Dr. Audrey Davidheiser, fellow Write Brilliant attendee, is a licensed psychologist, writer, and word lover. She has a PhD in Clinical Psychology, an MA in Theology, and a BS in neither. (It’s in Biochemistry). She supervises pre-doctoral graduate students at the Dream Center Counseling Center and sees clients at her private practice. Her passion is to work with trauma survivors, single adults, and graduate students, but not necessarily in that order. Visit her writing space at DrAudreyD.com. Enjoy her post!
Does Thanksgiving land on an inconvenient time this year? The news might have mauled your moxie. Your personal life? No less stress there. Finding reasons to be thankful gets harder when the light at the end of your tunnel flickered and died a few nights ago.
I’m with you—itching to justify my grounds to be grumpy. Angry. Hopeless.
Yet I make myself sit down and scout reasons to be grateful because studies find that thankfulness boosts health. Hey, you can sign me up for that!
But how can you be grateful when life feels bleak? Simple: by acknowledging that yes, your life may be hosting the wows and unwanted woes, but you can choose to showcase the good.
Just like you, I descended from a clan of bona fide flesh and blood, with different quirks and personalities. But why should I focus on our issues? It’s more uplifting—not to mention healing—to recall the lavish love they provided.
So here goes: I’m thankful for all the summers I got to spend with relatives.
I stayed with my cousins almost every summer during grade school. They lived across the street from our grandparents. It was an annual tradition of sorts: we’d make the trek to their dad’s lumber mill in the mountains and romp around at the nearby creek. We’d come home and cross the street to play at my grandparents’ house. Grandma and grandpa lived on the second floor, and transformed the first floor into a modest laundry business. I loved sitting in their little storefront and fetching freshly laundered outfits for a pick up.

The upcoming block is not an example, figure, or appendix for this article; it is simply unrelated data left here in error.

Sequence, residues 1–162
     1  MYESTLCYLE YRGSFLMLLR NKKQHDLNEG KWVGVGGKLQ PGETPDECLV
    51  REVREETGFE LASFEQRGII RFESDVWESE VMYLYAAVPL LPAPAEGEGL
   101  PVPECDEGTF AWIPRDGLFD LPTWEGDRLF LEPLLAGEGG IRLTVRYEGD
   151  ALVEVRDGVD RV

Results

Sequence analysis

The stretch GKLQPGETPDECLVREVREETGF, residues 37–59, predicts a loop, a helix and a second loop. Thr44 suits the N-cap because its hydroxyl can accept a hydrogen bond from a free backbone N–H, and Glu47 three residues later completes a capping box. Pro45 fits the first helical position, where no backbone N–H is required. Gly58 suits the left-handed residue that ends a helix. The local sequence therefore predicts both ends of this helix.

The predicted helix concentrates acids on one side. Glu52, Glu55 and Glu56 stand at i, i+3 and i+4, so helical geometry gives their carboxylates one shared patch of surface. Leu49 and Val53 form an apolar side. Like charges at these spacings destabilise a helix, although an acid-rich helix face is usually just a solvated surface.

That July I sauntered into my cousins’ courtyard and spotted a new sight. I must have been 12. A simple swing, with ropes tied to a strong tree limb, snagged my attention. My heart swelled with joy as I bounded to its solitary seat.
Swaying on the wooden plank, getting higher and higher, I could hear the kitchen buzzing with lunch preparations. My world felt so safe. The wind teased my hair as I replayed recent events: The morning after I arrived, Aunt Lanny let me skip the—ugh—warm milk she mandated her kids drink every breakfast. Cousin Karen and I had just rented a kung fu series we’re watching soon. And oh, fried banana for dessert!
Back then my relatives didn’t own a microwave. This meant eating room temperature food, which could have caused a fried food junkie like me to grouse. (Let me translate it for the health food nuts who’d sworn off anything fried: lukewarm fried food tastes as glorious as melted ice cream.)
My relatives fed me with so much love I found no appetite for grumbling.
Fast forward to today, where I’m still glowing in the warm memories of love, protection—and the fierce sense that I belong.
So, so grateful.
And still too content to complain.
What’s your reason to be so full of thanksgiving, there’s no room to fuss?